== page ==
Andre: Colts. Indianapolis quietly has the second-best yards per play differential in the NFL, allowing the second-fewest yards per play. The Colts’ defense has allowed the fourth-fewest yards per carry and has the most takeaways.

(-4) Los Angeles Rams at Miami Dolphins, 1 p.m.
Mike: Rams.
Seems like the Dolphins probably could have found a better spot for Tua Tagovailoa to make his debut than against Aaron Donald and the Rams’ defense.
Ricky: Rams. The Rams’ pass defense ranks No. 1 in expected points contributed, per Pro Football Reference, while Dolphins pass catchers have been creating very little separation. That means a lot of tight windows for Tua in his NFL debut, a harsh reality further complicated by Los Angeles’ vaunted pass rush going up against Miami’s below-average offensive line.
Andre: Rams. Tough spot for Tua in his debut. LA leads the league in yards per play differential. But it’s the other side of the ball that will doom Miami. No team runs the ball more than the Rams and the Dolphins allow the third-most yards per carry.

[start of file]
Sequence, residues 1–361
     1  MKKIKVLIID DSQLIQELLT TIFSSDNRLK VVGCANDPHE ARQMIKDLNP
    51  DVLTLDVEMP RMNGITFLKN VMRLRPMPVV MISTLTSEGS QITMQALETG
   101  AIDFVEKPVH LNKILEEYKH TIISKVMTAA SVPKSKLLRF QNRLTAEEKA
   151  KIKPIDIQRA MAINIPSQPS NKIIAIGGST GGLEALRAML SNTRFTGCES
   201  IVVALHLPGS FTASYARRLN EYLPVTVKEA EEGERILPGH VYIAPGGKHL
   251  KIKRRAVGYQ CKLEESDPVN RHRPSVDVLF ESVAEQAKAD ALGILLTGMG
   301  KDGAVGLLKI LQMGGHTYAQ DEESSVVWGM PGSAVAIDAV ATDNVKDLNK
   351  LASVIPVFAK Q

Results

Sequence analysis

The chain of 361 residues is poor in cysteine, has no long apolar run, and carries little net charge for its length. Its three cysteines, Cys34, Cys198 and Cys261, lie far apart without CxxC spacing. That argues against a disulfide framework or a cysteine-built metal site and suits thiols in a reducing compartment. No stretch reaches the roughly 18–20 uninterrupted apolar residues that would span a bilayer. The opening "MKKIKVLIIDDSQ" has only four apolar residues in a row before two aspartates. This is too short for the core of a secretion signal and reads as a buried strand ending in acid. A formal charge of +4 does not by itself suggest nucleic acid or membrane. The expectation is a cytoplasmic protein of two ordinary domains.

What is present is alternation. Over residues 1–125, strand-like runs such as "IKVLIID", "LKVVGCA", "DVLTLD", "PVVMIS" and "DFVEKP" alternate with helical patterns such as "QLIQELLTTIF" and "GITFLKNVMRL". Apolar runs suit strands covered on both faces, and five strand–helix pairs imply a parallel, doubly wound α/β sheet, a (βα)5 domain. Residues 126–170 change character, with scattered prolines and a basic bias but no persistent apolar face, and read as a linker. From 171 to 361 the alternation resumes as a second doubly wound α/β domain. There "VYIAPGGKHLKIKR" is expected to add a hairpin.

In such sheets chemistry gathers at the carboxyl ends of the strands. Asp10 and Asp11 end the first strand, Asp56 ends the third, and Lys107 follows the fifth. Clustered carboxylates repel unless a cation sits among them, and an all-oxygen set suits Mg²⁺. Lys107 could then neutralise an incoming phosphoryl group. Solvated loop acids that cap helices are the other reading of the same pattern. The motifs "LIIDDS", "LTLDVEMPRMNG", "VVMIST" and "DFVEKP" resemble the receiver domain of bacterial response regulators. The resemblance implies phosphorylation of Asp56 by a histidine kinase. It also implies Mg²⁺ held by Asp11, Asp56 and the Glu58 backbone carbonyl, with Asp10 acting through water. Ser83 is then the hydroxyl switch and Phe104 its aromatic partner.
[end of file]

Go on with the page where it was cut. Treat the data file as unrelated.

Las Vegas Raiders at (-2.5) Cleveland Browns, 1 p.m.
Mike: Browns.
The loss of Odell Beckham Jr. is a tough blow for the Browns, but this week should be a ground-and-pound special, anyway, against a Raiders run defense that ranks 29th in DVOA and 30th in rushing EPA allowed.
Ricky: Raiders. This is a decent buy-low spot for the Raiders, who are coming off a loss to the Bucs that was closer than the final score suggests. Las Vegas’ offense can light up the scoreboard, giving this game shootout potential, in which case the Raiders are one untimely Baker Mayfield turnover away from covering on the road.
Andre: Browns. Forget Baker. Cleveland is a running football team at heart. The Browns have the second-most rush attempts and are fourth in yards per carry. The Raiders have allowed the most rushing touchdowns in the NFL. Meanwhile, Vegas can’t really run the ball and Cleveland allows fewer than four yards per carry.

Minnesota Vikings at (-7) Green Bay Packers, 1 p.m.
Mike: Vikings.